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Whirlpool

I have read a lot about the technique and understand the fundamentals, but I am wondering has anybody found that their beers are better from doing a whirlpool?

My set-up is primitive, to some, and I would be using a cordless drill with an attachment to my drill (see attached photo).

I read a lot of information that states that the whirlpool should be covered and in my case that seems to not be possible. Does an uncovered whirlpool make that much of a difference? I would not splash the wort or become over zealous and run the risk of contamination. I would like to create a nice cone while my wort chills and add my flame out hops at this point.

With all that said, other than chilling the wort faster (debatable) and assisting in the trub separation, is there really a need to do a whirlpool if you have to use a cordless drill and stand over the pot for 15 minutes like a crazy man?

What are the downsides to doing a whirlpool (like my method) and what are the benefits form doing one (like my method).

I have not done one yet, but I have the paddle to do it, but just haven’t found the need to mess with my process. But… being that this is homebrew all new processes should be explored and welcomed.

Thoughts and experience is greatly appreciated.

Prost :cheers:

I use this method to help keep break material, and hop gunk in the center of my kettle. I have a little u-turn fitting on the inside of my kettles ball valve to pull wort from the outside edge and leave everything else behind. AND…I believe(not proven) that if you whirlpool opposite the direction of your chiller flow, you should in theory exchange more heat out of said wort.

Slainte!!

@The Fhunt

Thank you. My current boil kettle is not fitted with a ball valve, so I am left with the old auto-siphon method. I guess in my case I would want to position the auto-siphon towards the inner edge of the boil pot.

Quick follow-up, do you chill your wort first then whirpool, or whirlpool while your wort is chilling?

Thank you!

If you’ve got an immersion chiller you’ll certainly speed up chilling if you whirlpool while chilling. With the immersion chiller in there I was never able to get a nice cone of break material but it was good enough. For my beers that I do whirlpool hopping I keep the wort moving for 15 minutes (I’ve got a pump so a bit easier for me) and then let it settle for 15. With no flameout hops I just get all the wort moving for 5 minutes or so and then give 15 minutes for everything to settle. If you siphon from the edge you shouldn’t have an issue avoiding most of the trub and cold break.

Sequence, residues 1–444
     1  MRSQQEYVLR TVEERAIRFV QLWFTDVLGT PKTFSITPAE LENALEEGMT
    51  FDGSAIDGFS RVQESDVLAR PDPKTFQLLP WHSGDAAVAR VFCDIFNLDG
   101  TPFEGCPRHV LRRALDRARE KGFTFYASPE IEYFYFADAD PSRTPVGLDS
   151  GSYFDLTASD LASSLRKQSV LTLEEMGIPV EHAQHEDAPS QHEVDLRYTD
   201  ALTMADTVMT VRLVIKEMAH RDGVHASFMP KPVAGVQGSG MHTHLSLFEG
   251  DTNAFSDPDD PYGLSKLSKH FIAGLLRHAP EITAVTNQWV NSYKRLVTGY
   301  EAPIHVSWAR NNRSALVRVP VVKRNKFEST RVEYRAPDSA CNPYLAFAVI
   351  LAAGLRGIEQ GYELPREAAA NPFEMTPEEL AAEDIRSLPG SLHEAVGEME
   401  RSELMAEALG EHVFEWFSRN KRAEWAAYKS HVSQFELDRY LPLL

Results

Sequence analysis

Thank you Flip! I am going to use some Citra in an American Wheat in the near future and needed to whirlpool at the flameout. My anxiety has been eased greatly. :mrgreen:

Check out this link for info on hopstands/whirlpools. I typically chill to about 170 then start my hopstand/whirlpool because I’m hoping for increased flavor and aroma with less additional bittering.

https://byo.com/component/k2/item/2808-hop-stands

First, check this video on whirlpooling for trub separation:

http://youtu.be/G21aF7OsEZM

Actively stirring and agitating really helps cool fast with an immersion chiller, but when you’re trying to remove all the sludge floating in your beer, you really want to set it spinning and leave it (covered of course). Siphon it out from the side once it settles & you’ll leave this mound of sludge behind.

[quote=“sampothepancake”]First, check this video on whirlpooling for trub separation:

http://youtu.be/G21aF7OsEZM

Actively stirring and agitating really helps cool fast with an immersion chiller, but when you’re trying to remove all the sludge floating in your beer, you really want to set it spinning and leave it (covered of course). Siphon it out from the side once it settles & you’ll leave this mound of sludge behind.[/quote]

Thanks for the link and the response. By using the attachment that they use in the video, how can I leave it covered? Do you get the cone going, then remove the attachment, cover and leave it sit?

That is the part where I get hung up.

Yep, just let it spin on its own.

No real need to cover it up. I just stir with a long nylon spoon and then let sit for 1-2 minutes and then start the pump and run it through my CFCs. If you use an IC, you will have a more difficult time getting a nice cone of trub in the middle due to the cold break. This forms while chilling fast and it will end up in your kettle.

This is what mine looks like (but I chill in twin CFCs outside of the kettle.) I also show a link to my youtube video below it.

YouTube Video of last bit of wort

[quote=“MullerBrau”]No real need to cover it up. I just stir with a long nylon spoon and then let sit for 1-2 minutes and then start the pump and run it through my CFCs. If you use an IC, you will have a more difficult time getting a nice cone of trub in the middle due to the cold break. This forms while chilling fast and it will end up in your kettle.

This is what mine looks like (but I chill in twin CFCs outside of the kettle.) I also show a link to my youtube video below it.

YouTube Video of last bit of wort

[/quote]

Thank you MB. I unfortunately am still using an Immersion Chiller. I guess it may be time to open the wallet an splurge on a pump and CF Chiller.

Thank you all for the information. :cheers:

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